Alcon's anticipated split from Novartis has yet to be completed but the eye care business already is looking for ways to build out its portfolio for when it becomes a standalone company. Alcon reported Wednesday that it has acquired Tear Film Innovations, a private company that makes the iLux device used to treat Meibomian Gland Dysfunction, a leading cause of dry eye.
The news comes at the end of what has been a bumpy year for Alcon, which was acquired by Novartis in 2011 for $12.9 billion.
In June Novartis reported plans to split from Alcon, which will create a new Switzerland-based company. Just a couple months later, Alcon voluntarily pulled all versions of its Cypass Micro-Stent from the global market based on an analysis of five-year post-surgery data. But perhaps the acquisition of Tear Film is a sign of better things to come for Alcon in 2019. Financial terms of the deal were not disclosed.
Tear Film's iLux device is designed to enable eye care professionals to directly target a patient's blocked meibomian glands and provide therapy through an in-office treatment. Using the iLux device, a practitioner can warm the eyelids via disposable silicone pads to address blocked meibomian glands through the application of light-based heating. While applying the device, the practitioner can view the eyelid margin and apply manually-controlled compression to express blockages, making adjustments as needed to tailor treatment to the individual needs of the patient. Most treatments can be completed in a matter of minutes, according to Tear Film.
The acquisition expands Alcon’s portfolio of ocular health products, including several leading treatments for the temporary relief of dry eye symptoms.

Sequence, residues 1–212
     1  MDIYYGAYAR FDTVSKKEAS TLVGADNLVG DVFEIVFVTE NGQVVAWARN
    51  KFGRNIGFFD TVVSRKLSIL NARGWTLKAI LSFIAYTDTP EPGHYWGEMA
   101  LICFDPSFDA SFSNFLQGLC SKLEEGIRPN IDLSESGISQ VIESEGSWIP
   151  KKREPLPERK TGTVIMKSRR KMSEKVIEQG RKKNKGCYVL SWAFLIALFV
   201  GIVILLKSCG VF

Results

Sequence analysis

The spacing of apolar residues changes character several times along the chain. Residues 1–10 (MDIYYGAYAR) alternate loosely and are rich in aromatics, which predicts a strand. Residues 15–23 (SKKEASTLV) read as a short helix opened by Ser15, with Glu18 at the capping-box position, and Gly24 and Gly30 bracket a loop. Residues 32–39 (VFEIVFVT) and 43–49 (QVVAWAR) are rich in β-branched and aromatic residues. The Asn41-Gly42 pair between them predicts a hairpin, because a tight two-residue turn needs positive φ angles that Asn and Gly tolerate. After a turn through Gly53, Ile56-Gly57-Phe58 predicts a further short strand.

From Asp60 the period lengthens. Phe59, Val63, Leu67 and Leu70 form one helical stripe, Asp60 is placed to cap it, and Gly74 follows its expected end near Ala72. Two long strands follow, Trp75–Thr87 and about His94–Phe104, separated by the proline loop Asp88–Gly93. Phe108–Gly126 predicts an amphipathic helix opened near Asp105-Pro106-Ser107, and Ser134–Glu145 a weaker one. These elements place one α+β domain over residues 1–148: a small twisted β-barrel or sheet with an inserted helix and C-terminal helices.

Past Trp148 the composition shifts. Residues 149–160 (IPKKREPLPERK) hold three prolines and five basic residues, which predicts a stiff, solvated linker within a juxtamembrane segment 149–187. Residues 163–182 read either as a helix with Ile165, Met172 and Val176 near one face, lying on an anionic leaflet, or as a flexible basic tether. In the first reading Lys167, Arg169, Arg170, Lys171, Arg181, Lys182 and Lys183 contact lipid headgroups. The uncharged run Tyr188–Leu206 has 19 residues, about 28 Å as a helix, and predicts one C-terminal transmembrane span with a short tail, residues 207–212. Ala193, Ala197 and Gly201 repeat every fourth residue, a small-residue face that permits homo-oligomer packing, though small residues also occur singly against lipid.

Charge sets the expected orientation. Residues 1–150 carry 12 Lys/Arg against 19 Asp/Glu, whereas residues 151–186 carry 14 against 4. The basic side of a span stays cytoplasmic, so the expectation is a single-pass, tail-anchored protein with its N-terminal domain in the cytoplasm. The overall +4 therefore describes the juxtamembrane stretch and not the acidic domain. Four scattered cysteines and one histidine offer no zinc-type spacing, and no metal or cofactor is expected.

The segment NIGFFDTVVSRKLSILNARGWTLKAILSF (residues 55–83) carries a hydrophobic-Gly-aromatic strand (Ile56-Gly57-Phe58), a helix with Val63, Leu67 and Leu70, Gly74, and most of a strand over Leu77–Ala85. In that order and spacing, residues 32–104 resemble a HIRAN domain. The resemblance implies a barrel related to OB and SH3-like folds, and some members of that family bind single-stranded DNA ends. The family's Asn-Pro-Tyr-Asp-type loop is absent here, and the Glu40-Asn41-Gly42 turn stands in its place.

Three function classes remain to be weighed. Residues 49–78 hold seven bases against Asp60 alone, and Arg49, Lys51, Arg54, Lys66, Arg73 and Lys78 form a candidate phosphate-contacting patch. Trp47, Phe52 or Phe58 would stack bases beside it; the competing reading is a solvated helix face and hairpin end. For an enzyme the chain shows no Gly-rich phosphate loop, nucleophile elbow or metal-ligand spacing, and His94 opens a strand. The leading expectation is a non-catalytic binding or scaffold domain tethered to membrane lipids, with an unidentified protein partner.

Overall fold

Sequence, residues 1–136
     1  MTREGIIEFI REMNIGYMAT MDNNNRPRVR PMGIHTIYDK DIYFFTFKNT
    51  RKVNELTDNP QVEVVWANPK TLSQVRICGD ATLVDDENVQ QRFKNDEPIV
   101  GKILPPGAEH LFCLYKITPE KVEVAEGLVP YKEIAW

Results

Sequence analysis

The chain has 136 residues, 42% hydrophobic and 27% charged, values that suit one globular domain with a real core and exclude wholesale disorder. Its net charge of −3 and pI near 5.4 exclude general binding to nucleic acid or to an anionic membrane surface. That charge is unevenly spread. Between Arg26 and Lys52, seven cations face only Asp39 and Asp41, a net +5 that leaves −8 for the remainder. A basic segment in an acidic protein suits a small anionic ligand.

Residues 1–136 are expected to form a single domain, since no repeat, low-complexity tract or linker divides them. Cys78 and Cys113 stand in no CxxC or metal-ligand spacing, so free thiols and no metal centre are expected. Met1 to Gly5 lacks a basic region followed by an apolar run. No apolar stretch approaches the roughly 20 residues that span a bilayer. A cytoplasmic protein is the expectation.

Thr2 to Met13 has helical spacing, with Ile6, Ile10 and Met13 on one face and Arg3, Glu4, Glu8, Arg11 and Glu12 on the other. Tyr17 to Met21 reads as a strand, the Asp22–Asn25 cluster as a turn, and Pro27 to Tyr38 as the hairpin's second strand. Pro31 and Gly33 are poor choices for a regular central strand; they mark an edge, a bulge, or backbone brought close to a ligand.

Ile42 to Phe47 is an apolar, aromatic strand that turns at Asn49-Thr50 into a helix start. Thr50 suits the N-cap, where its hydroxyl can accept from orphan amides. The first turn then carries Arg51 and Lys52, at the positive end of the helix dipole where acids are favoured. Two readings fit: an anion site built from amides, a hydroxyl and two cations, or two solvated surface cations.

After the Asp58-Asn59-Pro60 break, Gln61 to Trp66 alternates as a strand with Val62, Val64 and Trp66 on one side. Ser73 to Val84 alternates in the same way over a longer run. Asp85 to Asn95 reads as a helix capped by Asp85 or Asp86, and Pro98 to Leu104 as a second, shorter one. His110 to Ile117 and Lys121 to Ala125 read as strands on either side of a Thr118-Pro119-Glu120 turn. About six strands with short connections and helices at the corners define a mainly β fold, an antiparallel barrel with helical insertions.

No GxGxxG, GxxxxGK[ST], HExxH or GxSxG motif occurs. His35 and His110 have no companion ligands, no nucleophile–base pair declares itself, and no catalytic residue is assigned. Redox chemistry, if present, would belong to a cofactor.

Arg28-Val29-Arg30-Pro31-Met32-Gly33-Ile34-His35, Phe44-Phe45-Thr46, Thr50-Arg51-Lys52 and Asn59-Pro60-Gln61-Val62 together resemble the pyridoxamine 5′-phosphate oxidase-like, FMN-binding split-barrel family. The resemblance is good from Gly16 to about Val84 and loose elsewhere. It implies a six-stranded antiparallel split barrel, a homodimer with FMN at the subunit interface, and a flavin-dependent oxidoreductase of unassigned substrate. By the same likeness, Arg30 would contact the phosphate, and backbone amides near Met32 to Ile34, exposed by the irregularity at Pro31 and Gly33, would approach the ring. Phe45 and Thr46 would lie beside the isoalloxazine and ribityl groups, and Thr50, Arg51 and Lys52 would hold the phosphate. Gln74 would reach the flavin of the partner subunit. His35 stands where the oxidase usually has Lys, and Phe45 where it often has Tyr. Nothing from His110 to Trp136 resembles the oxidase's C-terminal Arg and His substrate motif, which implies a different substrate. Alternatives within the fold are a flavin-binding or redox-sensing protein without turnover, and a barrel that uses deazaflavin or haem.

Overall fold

“With the acquisition of Tear Film, we’re excited to bring this latest innovation to treat the millions of people around the world who suffer from dry eye,” said Andy Pawson, Alcon president and general manager, global vision care franchise. “Alcon remains committed to improving the lives of patients around the world through innovative technologies like the iLux device to address significant unmet needs in eye care.”
FDA cleared the iLux in December 2017 and Tear Film launched the device in May. during the annual meeting of the American Society for Cataract and Refractive Surgery.
“Since launching the iLux device earlier this year, we’ve seen an enthusiastic response from eye care professionals who have already begun to incorporate it as an advanced treatment option for patients suffering from Meibomian Gland Dysfunction,” said Rob Thornhill, CEO of Tear Film. “Now, as part of Alcon, we’re eager to bring this technology to even more offices throughout the world.”
The device is currently available in the United States and Canada, but Alcon said it plans to expand commercialization to other countries in 2019.